'I quoted the Green Knight (from the 14th century Arthurian poem) 'but that lie hath lessened me.' When the kids took shortcuts, used steroids, texted friends for answers from the bathrooms, I'd remind them that they were violating their personal integrity.'
While this makes her sound rather priggish, there is nothing school-marmish about Korach.
At the young age of 68, she led a rap song at the school's annual May Fete festivities. Admittedly it was to Edgar Allen Poe's classic, 'The Raven,' but it nevertheless had some serious swagger.
Over the years, she's led the staff in the bunny hop, performed in 'Gypsy' in stilettos and danced and cheered in goofy school skits and at pep rallies.
'That's Ricky,' Dodson said. 'She did that stuff all the time.'
'She has a good sense of humor,' Katy Wendlund said. 'As the oldest teacher in the school, she agreed to act as a prehistoric homecoming princess for our ASB video. It was hilarious. She is very cool.'
Changes over the decades
One of the most dramatic changes Korach has seen during her tenure is the strides made for young women and the effects of Title IX.
'When I graduated from Amity High School, only two of us out of 30 went to college. There were no girls' athletics, and there was very little support for girls' activities at all,' she said.
Today high school girls are involved in sports, student government and leadership as much, if not more, as their male counterparts.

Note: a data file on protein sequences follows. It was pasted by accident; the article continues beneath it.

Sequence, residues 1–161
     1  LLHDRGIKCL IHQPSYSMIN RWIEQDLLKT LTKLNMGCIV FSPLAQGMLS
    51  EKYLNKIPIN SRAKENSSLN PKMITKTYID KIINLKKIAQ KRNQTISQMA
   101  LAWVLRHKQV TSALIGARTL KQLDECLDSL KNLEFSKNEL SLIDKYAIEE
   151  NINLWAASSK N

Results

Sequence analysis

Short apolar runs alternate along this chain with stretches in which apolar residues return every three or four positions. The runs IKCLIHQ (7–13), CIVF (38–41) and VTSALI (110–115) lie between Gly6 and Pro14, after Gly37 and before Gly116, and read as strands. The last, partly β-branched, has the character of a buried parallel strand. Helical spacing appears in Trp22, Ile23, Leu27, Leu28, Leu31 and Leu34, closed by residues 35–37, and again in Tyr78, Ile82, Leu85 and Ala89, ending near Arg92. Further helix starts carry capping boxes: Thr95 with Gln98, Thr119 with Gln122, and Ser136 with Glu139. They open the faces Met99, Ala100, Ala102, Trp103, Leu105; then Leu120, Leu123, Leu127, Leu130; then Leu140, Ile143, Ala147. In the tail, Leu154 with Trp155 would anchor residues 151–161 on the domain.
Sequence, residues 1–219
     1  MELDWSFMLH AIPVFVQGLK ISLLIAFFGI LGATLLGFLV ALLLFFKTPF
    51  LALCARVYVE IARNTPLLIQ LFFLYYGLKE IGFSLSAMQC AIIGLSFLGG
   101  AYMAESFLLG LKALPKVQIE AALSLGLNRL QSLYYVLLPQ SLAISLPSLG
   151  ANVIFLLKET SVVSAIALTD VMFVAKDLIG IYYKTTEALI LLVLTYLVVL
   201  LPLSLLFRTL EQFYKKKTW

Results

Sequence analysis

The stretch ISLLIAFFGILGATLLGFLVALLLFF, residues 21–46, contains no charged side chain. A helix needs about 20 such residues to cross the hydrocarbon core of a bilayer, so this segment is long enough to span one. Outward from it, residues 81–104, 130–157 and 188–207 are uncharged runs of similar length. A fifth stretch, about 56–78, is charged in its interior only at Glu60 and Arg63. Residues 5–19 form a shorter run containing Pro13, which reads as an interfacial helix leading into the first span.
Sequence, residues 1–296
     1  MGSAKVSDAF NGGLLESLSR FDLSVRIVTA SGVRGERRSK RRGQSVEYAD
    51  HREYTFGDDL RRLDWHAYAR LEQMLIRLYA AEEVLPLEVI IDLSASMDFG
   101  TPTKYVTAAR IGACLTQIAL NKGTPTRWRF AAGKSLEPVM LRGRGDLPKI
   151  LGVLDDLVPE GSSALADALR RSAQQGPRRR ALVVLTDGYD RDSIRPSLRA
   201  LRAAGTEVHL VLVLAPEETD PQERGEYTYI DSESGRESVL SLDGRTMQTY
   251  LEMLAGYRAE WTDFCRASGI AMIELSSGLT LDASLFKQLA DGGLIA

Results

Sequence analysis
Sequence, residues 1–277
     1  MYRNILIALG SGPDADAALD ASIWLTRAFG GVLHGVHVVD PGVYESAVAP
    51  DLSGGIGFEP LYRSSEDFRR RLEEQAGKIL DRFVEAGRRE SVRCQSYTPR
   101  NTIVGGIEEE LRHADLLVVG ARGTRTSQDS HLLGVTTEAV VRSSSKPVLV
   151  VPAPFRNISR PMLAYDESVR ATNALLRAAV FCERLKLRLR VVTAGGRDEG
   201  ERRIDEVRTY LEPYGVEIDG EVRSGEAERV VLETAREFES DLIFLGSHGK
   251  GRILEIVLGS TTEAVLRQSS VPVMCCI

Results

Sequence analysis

Korach, who kept score for the LOHS girls' basketball team for years, remembers the pride of watching her student/athlete Katy Steding win a gold medal for basketball in the 1996 Olympics.
Korach has had other celebrated students as well, including screenwriter Jonathan Raymond ('Wendy and Lucy,') and living-in-Ireland novelist Molly McCloskey ('Protection' and 'Solomon's Seal.')
'And I always get my hug from Kevin Love,' she said.
The next chapter
Korach readily admits that she's 'loved her job every day because it is really not a job - it is who I am. It energizes me. I feel like I'm giving the Lou Gehrig speech, but I really do feel like the 'luckiest (wo)man alive.''
Her next chapter will be full of surprises, but she hopes to read, garden and volunteer in the classrooms of her daughter, Lauri Nguyen, and granddaughter, Traci Nguyen, who both teach in the Lake Oswego district.
'They both started their careers at the age of 24, just like I did,' Korach said.
She and Bill had agreed to retire at the same time, but, 'he reneged, and then he donated his salary, and now he has agreed to finish the two years of his contract,' Korach said. 'But I felt it was my time. I like round numbers. Seventy felt right.'
In her departure, Korach has been toasted and touted.
At her retirement party, she was presented with a ring designed by her former student, Kevin Lindsey, class of 1975, owner of Kevin Lindsey Jewelers in Lake Oswego.
'I was so honored to be asked by Ricky to make her ring,' Lindsey said. 'Her career here is legendary and I feel so privileged to help her commemorate this important step in her life.'
But it has been some of the quieter reverence that has left her speechless.
'I'm not a crier, I'm really not. I'm in control of myself always, but when two of my students, Joanna Klitzky and Alise Wonderlich, presented me with a book in which my students had written me notes, I got a little emotional. They told me they had to represent all the kids from the last 46 years, and all the kids that won't get to have me as a teacher.'